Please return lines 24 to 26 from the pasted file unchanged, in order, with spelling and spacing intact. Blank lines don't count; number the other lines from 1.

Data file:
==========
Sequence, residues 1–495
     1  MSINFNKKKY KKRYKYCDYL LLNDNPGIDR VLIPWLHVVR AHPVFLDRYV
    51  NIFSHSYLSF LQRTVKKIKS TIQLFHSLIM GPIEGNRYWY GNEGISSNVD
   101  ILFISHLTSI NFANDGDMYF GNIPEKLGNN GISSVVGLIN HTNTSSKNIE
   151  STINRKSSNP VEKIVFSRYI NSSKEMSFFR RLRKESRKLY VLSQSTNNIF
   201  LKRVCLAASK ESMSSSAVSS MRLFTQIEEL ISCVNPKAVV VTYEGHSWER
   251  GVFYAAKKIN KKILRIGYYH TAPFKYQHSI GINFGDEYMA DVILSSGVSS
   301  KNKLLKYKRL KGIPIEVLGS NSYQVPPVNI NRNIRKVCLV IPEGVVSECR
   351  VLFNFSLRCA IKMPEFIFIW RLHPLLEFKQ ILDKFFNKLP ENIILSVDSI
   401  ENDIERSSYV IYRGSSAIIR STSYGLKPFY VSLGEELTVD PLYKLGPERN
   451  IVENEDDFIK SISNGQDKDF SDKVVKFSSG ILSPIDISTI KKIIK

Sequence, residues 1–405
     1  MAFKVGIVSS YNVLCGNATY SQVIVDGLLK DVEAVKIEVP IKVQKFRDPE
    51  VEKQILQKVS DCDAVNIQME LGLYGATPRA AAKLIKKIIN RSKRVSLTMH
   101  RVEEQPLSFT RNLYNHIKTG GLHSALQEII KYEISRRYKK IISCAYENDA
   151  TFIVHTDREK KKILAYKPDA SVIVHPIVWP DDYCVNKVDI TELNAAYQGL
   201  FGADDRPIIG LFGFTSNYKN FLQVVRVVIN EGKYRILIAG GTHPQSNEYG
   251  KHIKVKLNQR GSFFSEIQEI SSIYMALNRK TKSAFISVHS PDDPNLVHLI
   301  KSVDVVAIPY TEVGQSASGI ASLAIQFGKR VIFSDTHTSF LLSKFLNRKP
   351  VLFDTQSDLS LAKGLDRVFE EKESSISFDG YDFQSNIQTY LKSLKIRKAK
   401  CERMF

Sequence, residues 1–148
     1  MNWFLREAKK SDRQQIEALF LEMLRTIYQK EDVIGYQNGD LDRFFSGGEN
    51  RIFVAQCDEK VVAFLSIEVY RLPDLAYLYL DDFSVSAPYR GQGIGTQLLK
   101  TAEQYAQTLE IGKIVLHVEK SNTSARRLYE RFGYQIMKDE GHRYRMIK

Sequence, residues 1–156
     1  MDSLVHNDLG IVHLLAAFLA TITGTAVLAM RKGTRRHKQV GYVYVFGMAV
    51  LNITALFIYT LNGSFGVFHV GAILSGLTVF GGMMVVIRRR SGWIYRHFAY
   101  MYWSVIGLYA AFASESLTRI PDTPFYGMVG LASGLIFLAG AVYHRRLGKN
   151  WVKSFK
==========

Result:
    51  RIFVAQCDEK VVAFLSIEVY RLPDLAYLYL DDFSVSAPYR GQGIGTQLLK
   101  TAEQYAQTLE IGKIVLHVEK SNTSARRLYE RFGYQIMKDE GHRYRMIK

Sequence, residues 1–156